Have you ever felt that before? To be made into something unlovable? The pain stung, it still stings me to this day when I hear the echo of the pastor compare people like me to pedophiles, and those who practice bestiality. I was put into a class of untouchables.

By the time I was in college I needed answers. Luckily we had a free psychologist on campus and I set up an appointment at 19. I told him my life story, my history, these secrets I had carried. He looked at me and said, Sean, “You are experiencing gender dysphoria, and need to come to grips with what you want to do next to alleviate that.” He meant learn more about the trans community, join the one LGBT group on campus, and hear their stories, and decide. But the words of that pastor haunted me. I went to my room. Grabbed a lanyard tied it triple knotted to my neck and to looped it to the ceiling light in my dorm. I kicked the chair out from under me, and hung. For 1…2….3…4….5….. knock knock at the door, and the lanyard snapped. I would’ve been dead if a friend hadn’t stopped by because she said God had put me on her heart. I didn’t tell her what happened, but for the first time knew I wanted to live.

For the rest of college this diagnosis stuck. I never lived it out, or pursued it, but it sat there beneath the surface. I got married and still prayed for a way to share this struggle with my wife. Finally at 29 the floodgates opened. My wife approached me and said she had some questions about me, and my current state of mind. I let loose everything that I had held in since I was four years old. I hurt her. I saw it. I was broken by it as well. But the truth was out.

The same month I saw two more psychologists, with the same recommendations from ten years earlier. At that point we both did some soul searching, and research and began our own new journey, as a trans couple.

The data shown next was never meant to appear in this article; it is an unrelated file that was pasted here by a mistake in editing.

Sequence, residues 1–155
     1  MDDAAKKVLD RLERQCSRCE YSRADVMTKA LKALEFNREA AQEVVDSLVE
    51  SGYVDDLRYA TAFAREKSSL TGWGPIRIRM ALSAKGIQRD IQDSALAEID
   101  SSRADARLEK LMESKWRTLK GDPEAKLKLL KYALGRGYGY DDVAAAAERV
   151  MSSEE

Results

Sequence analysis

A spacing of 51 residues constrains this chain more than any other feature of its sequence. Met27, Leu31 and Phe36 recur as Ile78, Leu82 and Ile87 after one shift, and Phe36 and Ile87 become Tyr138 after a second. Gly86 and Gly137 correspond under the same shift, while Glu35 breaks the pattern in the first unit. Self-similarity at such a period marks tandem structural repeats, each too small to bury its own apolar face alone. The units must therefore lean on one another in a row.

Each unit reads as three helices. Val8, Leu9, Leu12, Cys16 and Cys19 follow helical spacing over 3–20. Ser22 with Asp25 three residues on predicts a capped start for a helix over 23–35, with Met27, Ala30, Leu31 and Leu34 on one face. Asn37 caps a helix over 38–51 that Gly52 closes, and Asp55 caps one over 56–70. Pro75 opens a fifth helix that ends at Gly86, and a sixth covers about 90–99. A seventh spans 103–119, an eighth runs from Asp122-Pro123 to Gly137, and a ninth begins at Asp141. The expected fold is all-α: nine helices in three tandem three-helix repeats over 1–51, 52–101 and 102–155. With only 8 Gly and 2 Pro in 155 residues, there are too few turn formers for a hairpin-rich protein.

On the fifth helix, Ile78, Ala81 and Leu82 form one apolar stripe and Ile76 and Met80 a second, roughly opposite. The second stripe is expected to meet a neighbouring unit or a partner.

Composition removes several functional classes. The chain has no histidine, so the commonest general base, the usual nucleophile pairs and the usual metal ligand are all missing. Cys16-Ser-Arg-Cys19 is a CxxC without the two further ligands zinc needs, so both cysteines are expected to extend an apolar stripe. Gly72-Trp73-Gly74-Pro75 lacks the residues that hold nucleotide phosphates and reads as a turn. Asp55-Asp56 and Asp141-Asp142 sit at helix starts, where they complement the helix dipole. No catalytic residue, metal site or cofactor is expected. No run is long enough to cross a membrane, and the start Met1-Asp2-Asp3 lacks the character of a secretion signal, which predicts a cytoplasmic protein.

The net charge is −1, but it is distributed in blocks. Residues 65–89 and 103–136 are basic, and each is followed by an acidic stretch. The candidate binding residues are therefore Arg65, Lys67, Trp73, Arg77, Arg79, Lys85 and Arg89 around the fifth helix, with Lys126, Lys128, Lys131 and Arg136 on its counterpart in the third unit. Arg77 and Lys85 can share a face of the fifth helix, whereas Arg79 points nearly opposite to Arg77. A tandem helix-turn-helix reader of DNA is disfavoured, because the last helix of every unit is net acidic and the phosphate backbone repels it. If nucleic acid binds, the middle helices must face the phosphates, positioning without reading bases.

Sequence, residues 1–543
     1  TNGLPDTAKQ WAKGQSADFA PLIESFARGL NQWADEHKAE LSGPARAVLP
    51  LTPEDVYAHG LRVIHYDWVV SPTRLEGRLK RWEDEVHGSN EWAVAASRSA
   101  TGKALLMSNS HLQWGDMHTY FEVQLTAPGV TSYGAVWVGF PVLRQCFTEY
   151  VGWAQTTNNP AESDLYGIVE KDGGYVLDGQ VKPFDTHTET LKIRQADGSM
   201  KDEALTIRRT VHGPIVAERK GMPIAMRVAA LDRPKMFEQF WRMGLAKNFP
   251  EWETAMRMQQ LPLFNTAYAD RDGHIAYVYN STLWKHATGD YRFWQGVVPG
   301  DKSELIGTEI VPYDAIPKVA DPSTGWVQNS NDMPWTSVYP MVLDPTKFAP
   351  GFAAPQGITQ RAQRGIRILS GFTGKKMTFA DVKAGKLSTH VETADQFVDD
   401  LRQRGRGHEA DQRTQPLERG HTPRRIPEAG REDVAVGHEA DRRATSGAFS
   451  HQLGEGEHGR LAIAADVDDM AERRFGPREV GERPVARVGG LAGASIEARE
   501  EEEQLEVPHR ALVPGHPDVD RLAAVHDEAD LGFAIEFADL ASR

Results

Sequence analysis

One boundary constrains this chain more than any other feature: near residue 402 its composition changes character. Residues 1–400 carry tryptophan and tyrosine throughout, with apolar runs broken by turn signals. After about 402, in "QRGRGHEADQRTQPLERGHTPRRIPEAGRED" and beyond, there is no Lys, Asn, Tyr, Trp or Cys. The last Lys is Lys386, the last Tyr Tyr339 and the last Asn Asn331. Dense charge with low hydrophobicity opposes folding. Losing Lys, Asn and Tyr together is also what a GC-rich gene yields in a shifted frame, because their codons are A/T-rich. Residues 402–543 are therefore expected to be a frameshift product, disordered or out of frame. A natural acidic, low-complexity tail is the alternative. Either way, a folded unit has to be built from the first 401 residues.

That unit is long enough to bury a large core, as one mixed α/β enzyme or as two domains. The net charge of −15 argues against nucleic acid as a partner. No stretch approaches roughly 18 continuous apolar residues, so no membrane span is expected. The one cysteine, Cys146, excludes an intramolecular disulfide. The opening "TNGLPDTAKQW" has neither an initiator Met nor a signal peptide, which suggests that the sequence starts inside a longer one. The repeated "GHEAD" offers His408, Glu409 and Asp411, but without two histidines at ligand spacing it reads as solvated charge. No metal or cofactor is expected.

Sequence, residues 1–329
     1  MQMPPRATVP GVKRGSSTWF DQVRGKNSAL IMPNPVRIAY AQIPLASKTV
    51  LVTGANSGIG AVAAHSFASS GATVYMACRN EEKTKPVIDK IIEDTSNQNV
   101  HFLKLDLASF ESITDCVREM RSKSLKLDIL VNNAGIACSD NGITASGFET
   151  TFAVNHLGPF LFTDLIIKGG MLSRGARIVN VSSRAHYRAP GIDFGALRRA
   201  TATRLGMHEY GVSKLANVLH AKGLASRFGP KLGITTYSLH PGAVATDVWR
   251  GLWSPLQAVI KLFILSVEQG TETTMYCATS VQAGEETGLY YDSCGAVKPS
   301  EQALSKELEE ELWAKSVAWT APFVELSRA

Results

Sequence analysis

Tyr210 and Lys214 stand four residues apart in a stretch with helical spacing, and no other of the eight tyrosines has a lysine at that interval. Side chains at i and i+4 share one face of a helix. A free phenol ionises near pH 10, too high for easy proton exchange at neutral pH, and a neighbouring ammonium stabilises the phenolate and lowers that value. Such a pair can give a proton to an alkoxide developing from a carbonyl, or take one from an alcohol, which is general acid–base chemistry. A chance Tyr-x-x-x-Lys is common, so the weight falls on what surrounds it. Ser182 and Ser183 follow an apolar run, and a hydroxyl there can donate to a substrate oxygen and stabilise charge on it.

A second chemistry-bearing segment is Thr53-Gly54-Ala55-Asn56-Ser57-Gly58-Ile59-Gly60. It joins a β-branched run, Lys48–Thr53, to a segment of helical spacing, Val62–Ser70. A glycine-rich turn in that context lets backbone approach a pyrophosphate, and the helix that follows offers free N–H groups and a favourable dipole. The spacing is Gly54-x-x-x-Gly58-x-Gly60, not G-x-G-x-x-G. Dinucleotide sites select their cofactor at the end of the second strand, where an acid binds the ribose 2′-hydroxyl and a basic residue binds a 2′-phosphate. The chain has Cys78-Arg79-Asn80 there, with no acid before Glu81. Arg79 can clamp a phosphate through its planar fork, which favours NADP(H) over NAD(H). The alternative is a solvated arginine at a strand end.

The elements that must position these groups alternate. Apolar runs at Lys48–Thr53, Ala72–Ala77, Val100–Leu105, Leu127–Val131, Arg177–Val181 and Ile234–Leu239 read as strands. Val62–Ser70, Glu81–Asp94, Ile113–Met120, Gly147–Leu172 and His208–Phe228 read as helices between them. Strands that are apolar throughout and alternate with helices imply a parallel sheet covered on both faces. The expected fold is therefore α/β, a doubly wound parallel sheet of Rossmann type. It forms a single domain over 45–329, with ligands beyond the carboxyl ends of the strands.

Two years later I am happier, and more secure than I have ever been. My personality is in full swing and I can boldly be myself. I didn’t choose to be trans. I was born this way. I choose many wrong things up to this point. Suicide, hate, anger and isolation. I tried to pray the trans away. It didn’t happen. I actually prayed again at 29, and the next day came out. Faith was reclaimed and my trans identity verified.

The years of struggle were verified, were made worth it. I was valid. I am valid. Nothing about my past was delusional, confused, or sin. It was the world that sought to impose bad science, and even worse theology onto a tenuous situation that made the struggle at times unbearable. But that no longer has to be the case. There is a myriad of journal articles on trans lives, trans brains, and the gender spectrum. We are a diverse people. Gender should no longer need to be static and molded to outdated systems. We are each unique. So is our gender. So is our gender expression. The greatest failure is that it took me so long to be free, and now I see a world in the same battle. We do not need to hold onto a past understanding of what makes a man, or what makes a woman. We are all HUMAN. And this is the only life we have, why not make it unique and exciting?

Being trans is one of the hardest journeys in this world. You have to be brave to express your medical condition. You have to be brave to begin HRT, and to risk losing everyone. Yet this country continues to heap more and more burdens upon us. As I have written, nothing about this journey would be the one that I would pick. It is a life made more burdensome by the ignorant. Thankfully, nothing the US government says about my gender identity will matter. I will vote, march, and protest and live my truth. Trump and a memo can stop none of that. What I hope is that those people reading this will understand this struggle, and that they will choose to welcome diversity, rather than run from it. No one should be made to feel unlovable because of how they were born. But that is the current plight we face. We must do all that we can from sharing our stories, to demanding our rights; until one day, all people realize we are here, we are loved, and we are never going anywhere.

“woman holding her hair in white wall paint room” by Sharon McCutcheon on Unsplash